Wheaton Community Hospital – Providing unnecessary medical care
On January 4, 2010, the Department of Justice announced an $846,000 settlement against Dr. Stanley Gallagher and Wheaton Community Hospital. The lawsuit alleged these Defendants needlessly admitted Medicare patients and kept them longer than necessary for treatment. The Department of Justice cited a variety of cases using particular examples, including one example in which an elderly patient was admitted for six days allegedly due to pain. However, he received only oral pain medications and physical therapy prompting the Government to challenge the medical necessity for his stay.
University of California – Teaching Hospital – Upcoding and Improper Supervision
The Department of Justice announced it had entered into a $22.5 million settlementwith the University of California for alleged claims by five teaching hospitals that involved reimbursement under Medicare and other federal health insurance programs. The complaint alleged that services were performed or supervised by faculty physicians rather than residents without supervision and for upcoding which involves improper assignment of diagnostic codes for purposes of increasing reimbursement amounts.
Network Appliance, Inc. – GSA Supply Procurement Fraud
In March 2009 the Department of Justice announced a $128 million fraud settlement against McLean-based company Network Appliance, Inc. This fraud settlement was associated with the General Service Administration’s federal supply service procurement program. Under long-standing GSA guidelines, companies that contract with the GSA are obligated to provide the Government with favorable pricing to the items they sell. According to allegations in the lawsuit, Network Appliance, Inc. did not give the Government accurate and complete data about the discounts offered to commercial customers not did it afford the Government the opportunity an opportunity to achieve its most favored customer status in violation of the Best Price Rule.
HMO Wellpoint pays $37.5 Million for Whistleblower Claim
In 2004 four whistleblowers represented by Plaintiffs recovered more than $137 Million from an HMO which was allegedly lying about services they were providing to Medicare and Medicaid patients. The relators alleged that Wellpoint Healthplans, Inc. falsified data to make medical conditions of patients worse so they could charge more for the services they were providing.
Johnson & Johnson Agrees To a $150 Million Settlement With the State of Texas Involving Risperdal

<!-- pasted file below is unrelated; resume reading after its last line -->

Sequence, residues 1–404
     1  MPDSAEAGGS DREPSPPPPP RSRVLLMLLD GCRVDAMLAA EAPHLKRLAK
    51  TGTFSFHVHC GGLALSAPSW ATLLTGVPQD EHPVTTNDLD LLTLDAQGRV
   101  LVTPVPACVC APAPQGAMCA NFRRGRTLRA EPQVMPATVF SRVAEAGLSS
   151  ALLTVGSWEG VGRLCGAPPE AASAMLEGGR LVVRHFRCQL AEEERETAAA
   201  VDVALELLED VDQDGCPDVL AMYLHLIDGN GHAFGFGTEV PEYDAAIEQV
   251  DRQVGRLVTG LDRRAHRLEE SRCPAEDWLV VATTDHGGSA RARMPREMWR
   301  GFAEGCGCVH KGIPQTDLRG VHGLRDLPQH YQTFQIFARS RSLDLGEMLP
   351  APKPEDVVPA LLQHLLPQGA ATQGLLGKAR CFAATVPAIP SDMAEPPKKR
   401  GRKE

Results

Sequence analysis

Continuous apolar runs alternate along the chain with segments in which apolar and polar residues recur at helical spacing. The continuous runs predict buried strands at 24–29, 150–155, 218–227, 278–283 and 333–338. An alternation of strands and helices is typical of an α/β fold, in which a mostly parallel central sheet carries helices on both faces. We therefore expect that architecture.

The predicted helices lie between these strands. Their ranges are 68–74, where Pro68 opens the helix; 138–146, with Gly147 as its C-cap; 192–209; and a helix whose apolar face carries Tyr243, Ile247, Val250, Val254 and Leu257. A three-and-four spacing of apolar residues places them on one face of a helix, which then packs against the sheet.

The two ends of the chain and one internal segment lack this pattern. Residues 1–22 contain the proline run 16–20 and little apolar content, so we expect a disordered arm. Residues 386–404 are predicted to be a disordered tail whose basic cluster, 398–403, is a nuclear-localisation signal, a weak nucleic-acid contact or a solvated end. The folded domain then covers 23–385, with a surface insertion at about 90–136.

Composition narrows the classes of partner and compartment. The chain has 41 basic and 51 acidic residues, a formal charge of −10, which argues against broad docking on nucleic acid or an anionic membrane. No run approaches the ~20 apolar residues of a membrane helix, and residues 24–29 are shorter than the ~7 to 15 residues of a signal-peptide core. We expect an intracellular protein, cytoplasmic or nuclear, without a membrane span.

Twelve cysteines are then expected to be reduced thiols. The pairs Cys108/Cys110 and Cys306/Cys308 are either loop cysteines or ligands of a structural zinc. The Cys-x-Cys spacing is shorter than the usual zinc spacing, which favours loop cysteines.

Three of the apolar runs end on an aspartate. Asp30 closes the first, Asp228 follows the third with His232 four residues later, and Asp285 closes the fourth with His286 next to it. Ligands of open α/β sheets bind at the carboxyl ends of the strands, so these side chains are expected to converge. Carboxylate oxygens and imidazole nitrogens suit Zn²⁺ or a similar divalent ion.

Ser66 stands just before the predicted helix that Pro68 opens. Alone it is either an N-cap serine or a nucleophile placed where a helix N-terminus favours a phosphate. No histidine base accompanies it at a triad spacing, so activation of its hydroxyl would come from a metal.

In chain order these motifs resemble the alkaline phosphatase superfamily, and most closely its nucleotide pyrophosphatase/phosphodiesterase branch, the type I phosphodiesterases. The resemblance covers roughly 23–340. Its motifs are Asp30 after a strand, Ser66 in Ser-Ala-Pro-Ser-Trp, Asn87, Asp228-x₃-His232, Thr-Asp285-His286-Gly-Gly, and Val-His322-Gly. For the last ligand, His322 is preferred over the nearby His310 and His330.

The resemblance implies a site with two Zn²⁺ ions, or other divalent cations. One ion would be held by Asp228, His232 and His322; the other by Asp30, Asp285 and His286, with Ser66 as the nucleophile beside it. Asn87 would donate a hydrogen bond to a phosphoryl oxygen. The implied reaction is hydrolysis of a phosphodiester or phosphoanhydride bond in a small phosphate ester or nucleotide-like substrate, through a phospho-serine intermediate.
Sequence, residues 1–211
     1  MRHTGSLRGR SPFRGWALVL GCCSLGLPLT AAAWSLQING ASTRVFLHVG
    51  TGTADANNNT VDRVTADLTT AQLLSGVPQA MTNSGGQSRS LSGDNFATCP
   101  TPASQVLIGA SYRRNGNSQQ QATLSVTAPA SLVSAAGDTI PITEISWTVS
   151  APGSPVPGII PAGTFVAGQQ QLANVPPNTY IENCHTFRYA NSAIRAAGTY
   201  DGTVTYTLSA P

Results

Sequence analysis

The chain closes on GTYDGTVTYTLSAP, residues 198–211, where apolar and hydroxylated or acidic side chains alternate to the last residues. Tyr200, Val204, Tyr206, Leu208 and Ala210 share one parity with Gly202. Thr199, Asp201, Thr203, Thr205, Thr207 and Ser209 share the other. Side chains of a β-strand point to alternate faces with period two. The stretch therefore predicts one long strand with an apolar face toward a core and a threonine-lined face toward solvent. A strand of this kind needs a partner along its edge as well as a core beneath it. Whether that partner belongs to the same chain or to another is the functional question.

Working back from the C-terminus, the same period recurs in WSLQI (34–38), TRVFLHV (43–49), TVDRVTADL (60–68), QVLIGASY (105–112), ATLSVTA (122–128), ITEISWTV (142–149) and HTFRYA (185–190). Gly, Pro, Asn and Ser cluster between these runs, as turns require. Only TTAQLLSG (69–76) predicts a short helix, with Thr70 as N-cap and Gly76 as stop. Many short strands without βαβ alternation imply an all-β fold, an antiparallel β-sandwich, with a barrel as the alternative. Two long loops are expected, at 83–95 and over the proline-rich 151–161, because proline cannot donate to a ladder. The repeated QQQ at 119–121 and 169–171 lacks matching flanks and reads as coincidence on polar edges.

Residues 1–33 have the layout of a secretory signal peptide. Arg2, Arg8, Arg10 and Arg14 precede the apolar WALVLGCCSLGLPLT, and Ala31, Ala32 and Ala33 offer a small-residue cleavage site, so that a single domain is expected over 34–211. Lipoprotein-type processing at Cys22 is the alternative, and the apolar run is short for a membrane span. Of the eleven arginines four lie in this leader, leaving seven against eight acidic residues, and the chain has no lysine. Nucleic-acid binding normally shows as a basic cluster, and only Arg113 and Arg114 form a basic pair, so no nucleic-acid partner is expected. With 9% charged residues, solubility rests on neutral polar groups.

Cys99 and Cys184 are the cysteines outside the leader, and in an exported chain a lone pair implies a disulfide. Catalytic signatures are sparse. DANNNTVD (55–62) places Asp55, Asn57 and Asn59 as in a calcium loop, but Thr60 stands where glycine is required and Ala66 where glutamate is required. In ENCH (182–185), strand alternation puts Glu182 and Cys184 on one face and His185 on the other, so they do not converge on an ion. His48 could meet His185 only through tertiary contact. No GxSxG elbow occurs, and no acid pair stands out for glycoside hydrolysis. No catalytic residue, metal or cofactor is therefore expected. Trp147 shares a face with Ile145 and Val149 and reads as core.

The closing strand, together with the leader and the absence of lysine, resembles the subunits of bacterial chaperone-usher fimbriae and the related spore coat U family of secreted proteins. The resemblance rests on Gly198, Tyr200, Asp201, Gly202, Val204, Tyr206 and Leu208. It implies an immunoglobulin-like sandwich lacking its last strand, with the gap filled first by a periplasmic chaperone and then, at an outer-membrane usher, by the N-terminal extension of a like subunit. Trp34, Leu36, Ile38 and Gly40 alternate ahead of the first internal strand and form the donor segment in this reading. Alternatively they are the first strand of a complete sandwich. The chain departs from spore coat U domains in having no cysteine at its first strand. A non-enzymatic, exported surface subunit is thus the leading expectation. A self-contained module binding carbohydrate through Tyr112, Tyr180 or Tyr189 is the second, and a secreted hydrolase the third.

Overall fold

The Texas Attorney General has announced that Johnson & Johnson has agreed to pay $150 Million to settle a case involving the anti-psychotic drug Risperdal. The lawsuit, filed in Texas, alleged that the company had defrauded the state by misleading doctors about this anti-psychotic drug. The settlement was reached after damaging court room testimony in which a witness stated that Johnson & Johnson hid data showing that Risperdal caused weight gain and can lead to diabetes. Evidence also revealed that Johnson & Johnson had an important study revealing these problems, but delayed adding a warning label to the drug.
Dominion Resources and Marathon Oil Company
Two energy companies, Dominion Resources, Inc. and Marathon Oil Company agreed to pay $2.2 Million and $4.7 Million respectively to settle a claim that arose from a whistleblower Qui Tam lawsuit. The complaint alleged that both companies knowingly underpaid royalties owed on natural gas from federal and Indian leases. Whistleblower, Harold Wright, who reported the fraud, was awarded $1.8 Million as his share in the settlement.
IIF Data Solutions – Government Overbilling
The Orlando Sentinel announced in May 2008 that Alan Grayson brought charges against IIF Data Solutions, a defense contractor alleging fraud against the Government for overbilling. Allegations included that the company misrepresented its experience and overbilled for technical and professional support services to the National Guard. As part of the settlement, IIF Data Solutions agreed to pay $8.9 Million, but did not admit any wrongdoing.
Burlington Resources, Inc./Underpaying Royalties for Natural Gas: $97.5 million recovery
In August 2007 Forbes reported that a lawsuit had been brought against Burlington Resources following a whistleblower claim that alleged underpaying royalties for natural gas produced on federal and Indian lands for a 17 year time period. Under a program overseen by the Department of the Interior’s Mineral Management Services, companies were required to report the monthly value of natural gas produced from their federal and Indian leases. They had to pay a percentage as royalty. The lawsuit alleged that Burlington had failed to pay appropriate royalties between March 1998 and March 31, 2005. Burlington Resources, Inc. agreed to settle the lawsuit for $97.5 Million.
Harris Community Hospital – Submitting Fraudulent Medicare Claims
In Mach 2007, Houston Business Wire announced a $15.5 Million settlement from the Harris County Hospital District. The Government alleged that the District submitted improper medical claims on behalf of thousands of patients.
Robert McCaslin was the initial whistleblower who reported the fraudulent practices, first to several supervisors. He then anonymously notified the District’s medical fiscal intermediary, Trailblazer Health Enterprises LLC of the fraudulent claim. He later sought the assistance of private civil counsel who assisted him in successfully prosecuting this claim in conjunction with the Government.